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|Courtesy Caribbean Beat magazine. An MEP publication|
Islands in the Caribbean have been fertile spaces for the evolution of global talent. Caribbean music has played a major role in the development of popular music worldwide, and the building blocks of those island music industries must be the singers and musicians who make all this music. Female singers of pedigree have been spotted in these islands and have used their skill to carve out careers in the world, with varying success. Tony Award winner Heather Headley from Trinidad, and Barbados-bred superstar Rihanna easily come to mind as artists who were incubated in the islands to grow and succeed in the rest of the world.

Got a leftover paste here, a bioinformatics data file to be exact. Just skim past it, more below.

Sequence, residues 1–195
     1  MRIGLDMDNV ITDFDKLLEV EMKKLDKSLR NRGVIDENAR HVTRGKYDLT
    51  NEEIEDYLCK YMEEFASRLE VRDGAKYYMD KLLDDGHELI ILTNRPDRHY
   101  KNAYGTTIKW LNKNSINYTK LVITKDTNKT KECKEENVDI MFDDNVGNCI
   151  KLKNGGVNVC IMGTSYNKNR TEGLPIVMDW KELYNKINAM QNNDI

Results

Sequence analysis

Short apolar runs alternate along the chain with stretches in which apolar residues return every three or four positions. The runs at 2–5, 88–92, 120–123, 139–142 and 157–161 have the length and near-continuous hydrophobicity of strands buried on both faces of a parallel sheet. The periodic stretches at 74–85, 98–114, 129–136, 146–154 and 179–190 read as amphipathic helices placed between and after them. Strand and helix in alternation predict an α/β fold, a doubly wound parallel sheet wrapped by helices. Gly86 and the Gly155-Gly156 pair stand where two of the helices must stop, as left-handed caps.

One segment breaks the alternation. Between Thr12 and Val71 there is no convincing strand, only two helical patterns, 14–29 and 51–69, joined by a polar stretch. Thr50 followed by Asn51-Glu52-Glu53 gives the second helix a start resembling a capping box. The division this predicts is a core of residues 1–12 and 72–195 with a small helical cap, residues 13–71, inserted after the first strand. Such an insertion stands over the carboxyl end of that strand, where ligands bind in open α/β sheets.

Peculiar to Trinidad and Tobago is the yearning to be something different. The idea of being a globally popular soca singer has a grip on many female singers there, but there is an equally persistent belief that singing genres outside of the circumscribed diaspora Carnival circuit would pay greater dividends in the long run. As an aside, Calypso Rose’s six-decade career in calypso with accolades still accruing, however, is noticeably not seen as a signpost for modern success for some, but there are others who see her career as inspiration.